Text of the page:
In the eukaryotic cell can be found:
- Free in the cytoplasm, isolated or linked together forming polysomes or polyribosomes, linked by a chain of mRNA (messenger) that are simultaneously translating.
- Adhered to the outer part of the rough endoplasmic reticulum membrane or on the cytoplasmic side of the outer nuclear membrane (thanks to riboforins, proteins that allow its anchorage).
- Free in the matrix of mitochondria (mitorribosomes) and in the stroma of chloroplasts (plastoribosomes), very similar to the ribosomes of prokaryotic cells.
Structure of ribosomes
The ribosome is made up of two subunits, each with a different sedimentation coefficient.
The two ribosomal subunits, are formed in the nucleolus where two components are joined, in addition to the water: the rRNA and ribosomal proteins. RNA is synthesized in the nucleus while proteins are synthesized in the cytoplasm and are subsequently transported to the nucleolus. The two ribosomal subunits exit the cytoplasm through the nuclear pores and it is in the cytoplasm that they assemble to form the ribosome.
Ribosomes are spherical organelles, with a sedimentation rate of 80 S (in eukaryotic cells) and which are made up of two subunits:
- The minor subunit, which sediments at values of 40 S.
- The largest subunit, with a sedimentation rate of 60 S.
The two subunits are separated in the cytoplasm, and only come together when they have to synthesize proteins.
Remember that the prokaryotic ribosome is 70 S, with 50 S being the largest subunit and 30 S the smallest (depending on the surface).
The ribosomes involved the protein biosynthesis. First, the mRNA binds to the minor subunit of the ribosome and then to the major subunit, beginning the translation of the mRNA. When protein synthesis is complete, the two subunits separate. The mRNA molecules are read by several ribosomes at the same time, which is why they form chains that are called polyribosomes or polysomes.
They are abundant in cells that have to synthesize many proteins, such as pancreatic cells, which synthesize many digestive enzymes and have a very high number of ribosomes.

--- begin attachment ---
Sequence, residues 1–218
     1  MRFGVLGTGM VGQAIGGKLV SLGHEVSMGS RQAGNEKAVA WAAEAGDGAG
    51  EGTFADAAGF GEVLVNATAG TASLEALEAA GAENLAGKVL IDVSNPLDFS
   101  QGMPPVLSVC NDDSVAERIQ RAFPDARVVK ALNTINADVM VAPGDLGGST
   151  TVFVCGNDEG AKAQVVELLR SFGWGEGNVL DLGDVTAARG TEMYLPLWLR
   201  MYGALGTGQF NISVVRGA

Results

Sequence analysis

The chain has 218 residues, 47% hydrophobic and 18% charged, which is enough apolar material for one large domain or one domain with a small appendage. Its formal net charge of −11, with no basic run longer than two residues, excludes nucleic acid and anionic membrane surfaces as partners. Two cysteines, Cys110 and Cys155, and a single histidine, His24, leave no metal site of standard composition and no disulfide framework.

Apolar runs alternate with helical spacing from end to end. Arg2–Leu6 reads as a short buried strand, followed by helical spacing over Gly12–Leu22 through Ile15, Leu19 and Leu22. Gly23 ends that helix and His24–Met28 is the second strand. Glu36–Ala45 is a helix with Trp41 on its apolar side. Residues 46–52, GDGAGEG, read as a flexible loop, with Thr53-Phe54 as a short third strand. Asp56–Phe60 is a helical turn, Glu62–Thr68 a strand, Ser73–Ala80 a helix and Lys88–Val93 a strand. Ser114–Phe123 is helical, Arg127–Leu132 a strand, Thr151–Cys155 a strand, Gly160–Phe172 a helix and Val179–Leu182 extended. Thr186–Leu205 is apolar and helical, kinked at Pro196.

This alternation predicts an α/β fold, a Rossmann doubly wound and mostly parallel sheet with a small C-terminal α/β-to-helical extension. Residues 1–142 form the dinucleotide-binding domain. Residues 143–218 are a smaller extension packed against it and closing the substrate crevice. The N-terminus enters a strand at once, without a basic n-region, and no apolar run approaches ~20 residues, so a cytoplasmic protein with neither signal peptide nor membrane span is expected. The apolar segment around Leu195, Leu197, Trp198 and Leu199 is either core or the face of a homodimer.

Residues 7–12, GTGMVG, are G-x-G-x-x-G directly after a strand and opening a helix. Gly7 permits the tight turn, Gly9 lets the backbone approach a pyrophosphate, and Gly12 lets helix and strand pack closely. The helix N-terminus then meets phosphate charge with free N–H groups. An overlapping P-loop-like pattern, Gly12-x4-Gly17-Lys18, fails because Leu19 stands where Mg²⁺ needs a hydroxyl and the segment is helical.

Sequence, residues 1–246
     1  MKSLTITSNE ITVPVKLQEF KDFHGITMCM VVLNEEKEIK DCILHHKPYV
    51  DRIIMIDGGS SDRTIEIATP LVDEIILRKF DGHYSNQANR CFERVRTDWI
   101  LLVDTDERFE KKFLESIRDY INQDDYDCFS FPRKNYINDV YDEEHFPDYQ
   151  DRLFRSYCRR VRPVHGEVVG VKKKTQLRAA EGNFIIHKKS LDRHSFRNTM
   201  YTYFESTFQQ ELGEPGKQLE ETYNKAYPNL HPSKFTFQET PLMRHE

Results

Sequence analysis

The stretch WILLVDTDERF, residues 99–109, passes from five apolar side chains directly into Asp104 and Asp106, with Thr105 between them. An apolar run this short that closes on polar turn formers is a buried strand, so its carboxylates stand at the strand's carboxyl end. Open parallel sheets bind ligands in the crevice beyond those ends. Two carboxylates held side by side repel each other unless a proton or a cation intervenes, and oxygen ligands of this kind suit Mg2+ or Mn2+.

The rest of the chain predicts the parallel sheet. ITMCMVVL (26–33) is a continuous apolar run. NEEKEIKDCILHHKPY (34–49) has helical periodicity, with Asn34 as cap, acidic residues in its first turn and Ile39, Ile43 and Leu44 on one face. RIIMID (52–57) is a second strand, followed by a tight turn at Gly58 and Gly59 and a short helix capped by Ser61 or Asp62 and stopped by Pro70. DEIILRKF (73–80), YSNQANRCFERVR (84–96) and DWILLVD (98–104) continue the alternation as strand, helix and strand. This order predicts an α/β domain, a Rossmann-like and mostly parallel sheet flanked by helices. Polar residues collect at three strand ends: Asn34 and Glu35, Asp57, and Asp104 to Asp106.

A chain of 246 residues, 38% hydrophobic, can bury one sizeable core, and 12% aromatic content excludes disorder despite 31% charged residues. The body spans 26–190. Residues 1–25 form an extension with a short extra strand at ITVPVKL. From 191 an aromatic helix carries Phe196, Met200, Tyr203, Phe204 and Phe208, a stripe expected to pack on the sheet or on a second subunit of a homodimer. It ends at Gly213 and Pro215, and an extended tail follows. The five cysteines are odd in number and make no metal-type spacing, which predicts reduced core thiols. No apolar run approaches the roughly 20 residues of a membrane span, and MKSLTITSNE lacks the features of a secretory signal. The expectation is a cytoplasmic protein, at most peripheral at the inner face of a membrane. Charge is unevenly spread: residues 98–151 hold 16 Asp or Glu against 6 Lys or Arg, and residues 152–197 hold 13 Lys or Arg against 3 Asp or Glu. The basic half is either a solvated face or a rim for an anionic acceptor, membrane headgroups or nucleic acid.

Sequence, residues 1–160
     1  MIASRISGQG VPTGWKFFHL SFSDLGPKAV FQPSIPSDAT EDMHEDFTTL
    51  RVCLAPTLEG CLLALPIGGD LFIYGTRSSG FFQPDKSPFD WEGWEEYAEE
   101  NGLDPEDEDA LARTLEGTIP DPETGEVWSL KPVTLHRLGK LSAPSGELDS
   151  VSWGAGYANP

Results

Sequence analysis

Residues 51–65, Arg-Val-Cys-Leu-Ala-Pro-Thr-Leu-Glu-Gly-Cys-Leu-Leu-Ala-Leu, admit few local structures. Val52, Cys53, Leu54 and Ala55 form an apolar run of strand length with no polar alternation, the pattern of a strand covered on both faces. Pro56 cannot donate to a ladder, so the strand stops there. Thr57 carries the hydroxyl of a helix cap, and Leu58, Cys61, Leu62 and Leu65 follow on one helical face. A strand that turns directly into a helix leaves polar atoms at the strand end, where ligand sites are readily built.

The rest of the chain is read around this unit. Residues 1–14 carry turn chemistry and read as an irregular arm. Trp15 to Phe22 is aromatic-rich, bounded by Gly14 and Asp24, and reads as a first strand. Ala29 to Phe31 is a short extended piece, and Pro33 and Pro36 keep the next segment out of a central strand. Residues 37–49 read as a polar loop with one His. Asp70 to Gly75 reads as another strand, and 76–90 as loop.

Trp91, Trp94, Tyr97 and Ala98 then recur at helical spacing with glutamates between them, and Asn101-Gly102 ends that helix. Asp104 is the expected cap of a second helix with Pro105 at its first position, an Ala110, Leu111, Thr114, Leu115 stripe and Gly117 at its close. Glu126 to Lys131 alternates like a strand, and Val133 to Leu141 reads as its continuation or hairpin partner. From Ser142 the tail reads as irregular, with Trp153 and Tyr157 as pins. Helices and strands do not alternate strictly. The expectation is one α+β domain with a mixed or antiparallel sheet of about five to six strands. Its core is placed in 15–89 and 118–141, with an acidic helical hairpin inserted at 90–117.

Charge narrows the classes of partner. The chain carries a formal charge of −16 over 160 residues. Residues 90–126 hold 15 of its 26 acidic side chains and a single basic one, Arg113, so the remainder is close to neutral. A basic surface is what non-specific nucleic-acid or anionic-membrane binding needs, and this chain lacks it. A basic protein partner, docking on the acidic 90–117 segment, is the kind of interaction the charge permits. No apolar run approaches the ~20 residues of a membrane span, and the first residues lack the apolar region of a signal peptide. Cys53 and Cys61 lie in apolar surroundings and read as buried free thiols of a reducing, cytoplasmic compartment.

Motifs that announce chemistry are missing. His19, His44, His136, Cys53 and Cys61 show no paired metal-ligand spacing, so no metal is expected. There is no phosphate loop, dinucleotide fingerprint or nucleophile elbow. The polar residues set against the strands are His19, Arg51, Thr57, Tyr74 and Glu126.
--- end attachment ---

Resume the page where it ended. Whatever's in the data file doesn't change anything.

The cells of the pancreas produce large amounts of proteins, such as insulin and various digestive enzymes, so they will need to contain many ribosomes in order to synthesize these proteins.
Canary Islands, July 2020, question 7
Researchers at the National Cancer Research Center develop a new method that allows them to demonstrate how tumor cells produce ribosomes to grow faster (NCYT, 01/09/20209).
a.- What is the chemical composition of ribosomes?
b.- What is its function?
c.- Where can we locate ribosomes in an animal cell?
d.- Where can we locate ribosomes in a plant cell?
Andalusia, September 2018, option A, question 4. (2 points)
An inhibitor of 70S ribosome activity is introduced into a culture of eukaryotic animal and plant cells.
a) Can animal cells synthesize proteins? [0.2]
b) What about plant cells? [0.2]
c) Can animal cells carry out cellular respiration? [0.2]
d) What about plant cells? [0.2]
e) Can plant cells carry out photosynthesis? [0.2] Give reasons for all answers.
Murcia, June 2017, option A, question 2.
a) What structure do they have, both in prokaryotes and eukaryotes? (0.5 pts).
b) What chemical composition do they have? (0.3 pts).
c) what function do they perform? (0.2 pts).
d) where can they be located, both in prokaryotic and eukaryotic cells? (0.5 p).
Canary Islands, July 2021, question 9
9. The 2009 Nobel Prize in Chemistry was awarded to V. Ramakrishnan, TA Steitz and AE Yonath for their studies of the structure and function of the ribosome. (Source: www.nobelprize.org).
a. What are ribosomes made of?
b. What molecule is binding ribosomes in polyribosomes?
c. List two organelles of the cell that contain ribosomes.
d. Most antibiotics interfere with the function of bacterial ribosomes. State the metabolic function that is affected by these agents by damaging ribosomes.
Navarra, July 2021, question 7
a) What organelle or supramolecular complex is in both eukaryotic and prokaryotic cells ?
b) What is the difference between this organelle between the two cell types?
c) Indicates which components are part of it;
d) What function does it perform in the cell?
- They are globular, nonmembranous organelles, made up of proteins (ribonucleoproteins) and ribosomal ribonucleic acids (rRNA) from the nucleolus. Therefore, any problem that the nucleolus may have would affect the formation of rRNA and ribosomes.
- Location in the eukaryotic cell:
- Free in the cytoplasm.
- United to form polysomes or polyribosomes, translating the same mRNA strand.
- Adhered to the outer part of the rough endoplasmic reticulum membrane or on the cytoplasmic side of the outer nuclear membrane.
- In the matrix of mitochondria (mitorribosomes), very similar to the ribosomes of prokaryotic cells.
- In the stroma of chloroplasts (plastoribosomes), very similar to the ribosomes of prokaryotic cells.
- Free in the cytoplasm.
- Structure of ribosomes:
- Ribosome function: the translation of mRNA or protein biosynthesis.
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